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New form of national service would help tackle ‘social apartheid’ – Umunna

Chuka Umunna Photo: Yui Mok/PA

Young Britons should be forced to carry out a modern form of “national service” to break down barriers between different parts of society, Chuka Umunna has suggested.

The Independent Group (TIG) frontman stressed that the plan would not be a return to compulsory military service but would help people meet other Britons from different social backgrounds.

Mr Umunna also put forward ideas for a ring-fenced NHS tax, a new model of “public benefit companies” to run utilities and services and means-testing of university tuition fees.

Independent Group MPs held talks with the Electoral Commission on Tuesday about becoming a fully-fledged political party Credit: Yui Mok/PA

The Streatham MP, the group spokesman for TIG, stressed that his policy pamphlet was written in a personal capacity and was not a manifesto.

But he said all members of the 11-strong TIG “share the same values and principles I have set out, and agree with much of what I have written”.

Under his proposal for a “citizens’ service”, Mr Umunna acknowledged that “it might seem strong medicine” but was necessary to tackle “social apartheid” in modern Britain.

He said national service, which ended in the early 1960s, “brought people from an array of different backgrounds and different parts of the country together in a way like no other”.

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Mr Umunna said his proposal could build on the National Citizen Service scheme introduced by David Cameron, which “has suffered by being voluntary”.

It could also draw on evidence from France, where Emmanuel Macron made a national service requirement for 16-year-olds a key policy, with trials beginning this year.

“What we mustn’t do, in a fit of national cynicism, is dismiss the idea of bringing young people together and trying to at least start breaking down the social silos that are such a scar on our society,” Mr Umunna said.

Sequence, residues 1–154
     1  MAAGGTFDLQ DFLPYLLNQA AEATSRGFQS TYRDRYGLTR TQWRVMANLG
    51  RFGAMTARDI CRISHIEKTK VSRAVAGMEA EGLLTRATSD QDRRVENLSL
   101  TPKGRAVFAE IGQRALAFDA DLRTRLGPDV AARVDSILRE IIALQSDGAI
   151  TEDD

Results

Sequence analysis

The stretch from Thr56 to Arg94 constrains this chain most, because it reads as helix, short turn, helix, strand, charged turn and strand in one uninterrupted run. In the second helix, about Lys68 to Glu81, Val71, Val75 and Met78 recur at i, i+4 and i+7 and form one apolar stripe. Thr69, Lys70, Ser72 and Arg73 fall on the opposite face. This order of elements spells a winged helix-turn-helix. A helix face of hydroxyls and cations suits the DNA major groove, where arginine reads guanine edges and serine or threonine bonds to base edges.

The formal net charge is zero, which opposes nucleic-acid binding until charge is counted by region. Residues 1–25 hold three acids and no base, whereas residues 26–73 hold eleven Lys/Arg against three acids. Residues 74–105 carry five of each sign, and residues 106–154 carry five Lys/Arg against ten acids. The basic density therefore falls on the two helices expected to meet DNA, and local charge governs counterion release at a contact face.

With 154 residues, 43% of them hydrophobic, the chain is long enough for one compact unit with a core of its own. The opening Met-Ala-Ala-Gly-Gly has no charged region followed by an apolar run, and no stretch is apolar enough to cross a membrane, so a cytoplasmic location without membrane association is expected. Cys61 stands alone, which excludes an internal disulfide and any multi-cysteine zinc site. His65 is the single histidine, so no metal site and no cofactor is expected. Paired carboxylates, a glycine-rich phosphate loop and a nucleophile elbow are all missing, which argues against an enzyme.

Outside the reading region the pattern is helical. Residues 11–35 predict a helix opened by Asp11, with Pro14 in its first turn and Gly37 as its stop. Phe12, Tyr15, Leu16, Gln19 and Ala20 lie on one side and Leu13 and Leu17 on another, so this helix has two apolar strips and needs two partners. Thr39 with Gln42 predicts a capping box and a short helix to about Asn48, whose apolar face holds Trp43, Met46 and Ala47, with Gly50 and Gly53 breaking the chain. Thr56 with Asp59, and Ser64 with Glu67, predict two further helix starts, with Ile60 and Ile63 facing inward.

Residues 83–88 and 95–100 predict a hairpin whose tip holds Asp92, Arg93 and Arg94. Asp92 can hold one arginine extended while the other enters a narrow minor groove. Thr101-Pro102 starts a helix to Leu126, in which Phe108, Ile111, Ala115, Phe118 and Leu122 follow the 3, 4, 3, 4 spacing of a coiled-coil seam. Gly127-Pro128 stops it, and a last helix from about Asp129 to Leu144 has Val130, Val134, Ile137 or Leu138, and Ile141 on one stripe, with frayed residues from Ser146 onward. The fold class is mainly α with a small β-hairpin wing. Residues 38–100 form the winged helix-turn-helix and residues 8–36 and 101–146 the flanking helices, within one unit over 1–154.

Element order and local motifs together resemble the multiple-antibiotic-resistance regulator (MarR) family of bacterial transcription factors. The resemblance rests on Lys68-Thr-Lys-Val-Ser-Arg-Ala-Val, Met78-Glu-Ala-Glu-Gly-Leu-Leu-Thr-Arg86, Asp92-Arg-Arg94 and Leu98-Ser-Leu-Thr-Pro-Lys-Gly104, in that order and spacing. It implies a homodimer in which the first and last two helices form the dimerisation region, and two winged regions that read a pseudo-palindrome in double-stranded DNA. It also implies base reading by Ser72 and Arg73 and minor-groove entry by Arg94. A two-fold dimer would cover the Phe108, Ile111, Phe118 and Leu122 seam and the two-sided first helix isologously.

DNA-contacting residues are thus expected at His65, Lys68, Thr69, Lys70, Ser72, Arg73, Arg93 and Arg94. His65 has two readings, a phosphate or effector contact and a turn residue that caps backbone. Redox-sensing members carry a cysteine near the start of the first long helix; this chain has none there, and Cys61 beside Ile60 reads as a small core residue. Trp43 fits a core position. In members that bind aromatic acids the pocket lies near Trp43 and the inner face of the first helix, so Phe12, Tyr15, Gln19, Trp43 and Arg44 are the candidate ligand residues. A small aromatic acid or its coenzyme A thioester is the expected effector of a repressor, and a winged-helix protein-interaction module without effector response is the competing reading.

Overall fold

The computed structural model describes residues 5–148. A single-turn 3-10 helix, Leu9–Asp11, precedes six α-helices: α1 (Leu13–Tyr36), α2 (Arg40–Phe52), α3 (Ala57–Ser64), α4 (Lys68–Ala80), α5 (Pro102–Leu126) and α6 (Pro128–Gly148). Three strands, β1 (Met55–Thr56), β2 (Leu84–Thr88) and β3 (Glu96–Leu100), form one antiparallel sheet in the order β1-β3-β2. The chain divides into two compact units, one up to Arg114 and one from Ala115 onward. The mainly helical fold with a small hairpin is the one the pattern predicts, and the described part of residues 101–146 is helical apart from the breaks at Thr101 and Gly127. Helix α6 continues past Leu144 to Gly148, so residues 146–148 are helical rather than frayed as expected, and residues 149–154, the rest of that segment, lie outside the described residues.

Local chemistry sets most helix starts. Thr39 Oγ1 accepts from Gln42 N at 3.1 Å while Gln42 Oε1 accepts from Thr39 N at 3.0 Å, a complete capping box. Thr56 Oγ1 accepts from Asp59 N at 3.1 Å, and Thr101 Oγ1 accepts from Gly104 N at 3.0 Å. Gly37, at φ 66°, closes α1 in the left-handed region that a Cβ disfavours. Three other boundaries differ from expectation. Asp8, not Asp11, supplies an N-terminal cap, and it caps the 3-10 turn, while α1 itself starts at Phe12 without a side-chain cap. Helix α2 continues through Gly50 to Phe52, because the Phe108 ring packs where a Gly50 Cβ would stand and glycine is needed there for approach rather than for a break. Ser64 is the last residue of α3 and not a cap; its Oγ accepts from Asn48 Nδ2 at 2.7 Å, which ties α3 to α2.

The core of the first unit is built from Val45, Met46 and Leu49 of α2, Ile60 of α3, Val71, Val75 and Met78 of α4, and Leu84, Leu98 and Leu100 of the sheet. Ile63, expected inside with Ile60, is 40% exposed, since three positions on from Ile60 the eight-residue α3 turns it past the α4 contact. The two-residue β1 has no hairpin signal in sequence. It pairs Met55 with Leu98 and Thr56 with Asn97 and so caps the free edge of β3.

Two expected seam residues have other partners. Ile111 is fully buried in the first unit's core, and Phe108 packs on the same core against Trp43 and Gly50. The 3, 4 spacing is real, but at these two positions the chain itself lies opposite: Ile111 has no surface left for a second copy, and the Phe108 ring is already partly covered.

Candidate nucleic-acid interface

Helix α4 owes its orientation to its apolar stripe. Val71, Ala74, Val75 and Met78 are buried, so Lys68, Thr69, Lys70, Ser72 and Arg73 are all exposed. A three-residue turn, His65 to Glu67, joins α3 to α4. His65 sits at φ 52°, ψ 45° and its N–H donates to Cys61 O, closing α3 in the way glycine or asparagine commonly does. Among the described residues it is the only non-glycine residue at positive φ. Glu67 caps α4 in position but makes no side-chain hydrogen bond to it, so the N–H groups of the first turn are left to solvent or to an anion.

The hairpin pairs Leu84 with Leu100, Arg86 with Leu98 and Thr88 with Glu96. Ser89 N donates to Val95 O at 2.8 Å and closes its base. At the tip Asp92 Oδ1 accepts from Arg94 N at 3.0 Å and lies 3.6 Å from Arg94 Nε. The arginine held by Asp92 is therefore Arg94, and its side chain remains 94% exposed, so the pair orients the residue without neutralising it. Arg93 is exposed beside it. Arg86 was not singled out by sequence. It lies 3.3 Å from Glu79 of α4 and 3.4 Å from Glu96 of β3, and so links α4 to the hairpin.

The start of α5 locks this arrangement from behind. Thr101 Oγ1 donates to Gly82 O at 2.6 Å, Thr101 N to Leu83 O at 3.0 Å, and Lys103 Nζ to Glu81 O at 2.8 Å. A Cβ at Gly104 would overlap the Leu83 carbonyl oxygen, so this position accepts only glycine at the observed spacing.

Other measures put forward in the pamphlet for the Progressive Centre UK think tank include:

– Supporting students going to university from poor backgrounds by means-testing tuition fees and reintroducing maintenance grants

– Equalising tax rates on unearned dividends and income from work, using the proceeds to fund universal childcare

– Introducing more comprehensive state funding for political parties

– Moving Parliament out of the Palace of Westminster and replacing the Lords with an elected chamber.

Mr Umunna said: “It is time we dump this country’s old-fashioned politics and create a new politics that does justice to who we are today and gives this country a politics fit for the 21st century, not the last one.

“A politics that looks, listens and learns from ideas and experience elsewhere in the world to better inform the course we take at home.”

TIG has eight former Labour MPs including Mr Umunna and three ex-Tories.

In a call for more to join them, Mr Umunna said: “The truth is too many progressive people are sitting in parties which, through those parties’ words and deeds, are no longer true to their values.

“This leads to the inescapable conclusion that our politics needs to be reconfigured to better reflect modern Britain and that it is time for the different progressive political traditions to come together under one roof – a new progressive party.”